Quick Reference

Time Period:
late 1943-'44

Composite Painting

Oil on Canvas


Roads & Streets

22 X 36


Mr. and Mrs. Robert Abbott



The third of four similar composite paintings made between December of 1942 and November of 1944

Related Links

Featured Artwork: New England in October  (The third of 4 similar paintings)

Mountain Meadow
The image above is actually Mountain Meadow. We do not have an image of this painting. Still we believe
they are, if not identical, very close in resemblance because the two paintings are both 22" x 36" in size.

RSW's Diary Comments

Through October Hills, 1943, the 2nd painting

"Painted about 1944-5. Several paintings similar to this I made in the studio the winter of 1944 '5. The description under Through October Hills (which see) applies to this picture too, although the composition is somewhat different with the stone wall in Through October Hills, for instance, much more prominent. Sold Dec. '53 to Mr. and Mrs. Robert Abbott of Braintree, Mass."

Editor's Note:

Just one month ago (03-29-2024) we made all kinds of changes to three of the paintings related to the painting of this page. We proved through sepia prints and painting diary evidence that the painting long thought to be Through October Hills was really, New England in October. That conclusion was premature because we completely forgot about a chalk drawing named Mountain Meadow which was photographed hanging in the home of Mr. & Mrs. Roger Smith in Gardner (MA) in December of 1944. The photograph was taken by Woodward's close friend F. Earl Williams, the Gardner High School principal, and it is assumed Williams helped arrange the small exhibition. Not only did we learn the chalk was NOT a chalk but that is was really an oil painting named Mountain Meadow. In this game of musical chairs (images) this painting was the one without a picture. SEE Mountain Meadow for the whole story.

In October Hills, 1942, the 1st painting

Continuing with this painting: We have a theory about the second painting Through October Hills, and as to why it is so different in size and perspective than the painting above and even the first painting... it is the prospective customer from the Vose Gallery. We believe the size, the closer perspective, the more prominent stonewall and even the change in the group of trees from the first painting where specifications given by the client who in the end, still did not buy the painting!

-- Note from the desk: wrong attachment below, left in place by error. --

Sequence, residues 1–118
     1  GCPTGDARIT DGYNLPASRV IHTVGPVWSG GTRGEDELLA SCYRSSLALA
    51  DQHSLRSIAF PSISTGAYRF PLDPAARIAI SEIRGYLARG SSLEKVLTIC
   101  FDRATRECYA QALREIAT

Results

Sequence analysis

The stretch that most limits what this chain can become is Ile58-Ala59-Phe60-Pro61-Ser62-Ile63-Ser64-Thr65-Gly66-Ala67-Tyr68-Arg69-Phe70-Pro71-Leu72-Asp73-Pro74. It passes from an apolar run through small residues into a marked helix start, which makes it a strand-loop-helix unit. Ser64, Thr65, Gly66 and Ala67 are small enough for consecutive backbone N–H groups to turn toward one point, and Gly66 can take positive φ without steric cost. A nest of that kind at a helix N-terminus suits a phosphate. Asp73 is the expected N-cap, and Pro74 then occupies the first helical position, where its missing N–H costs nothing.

With that being said, this would make the third painting of this page's subject Woodward's preferred perspective and truer to his intent as to the aesthetic he initially selected in his first composition. It is almost as if he HAD to make the painting above to "right" the previous painting.

Additional Notes

What you are looking at here is a transparent color image of the 22" x 36" Mountain Meadow overlaid on
top of the black and white sepia print of the 22" x 38" Through October Hills. We used the tree trunk (1) and roadside
rock (2) as the anchors for which we aligned the two images thus exposing their differences. You can see how closely aligned the tree and rock are because they are more focused then the rest of the illustration. The farther you get from the tree and rock reveals just how different the two paintings really are. In fact, we believe the biggest difference is that Through October Hills (the second painting) is a closer vantage point to the subject than both the first and third paintings. The hill, the stonewall (3) and trees in the field are all larger and "more prominent" than they are in the color
image ofMountain Meadow (the third painting). What cinched it for us was how nicely the two images lined up with the cuts in the field (4) on the right hand side of the painting. We consider it more than coincidental. It ties it up.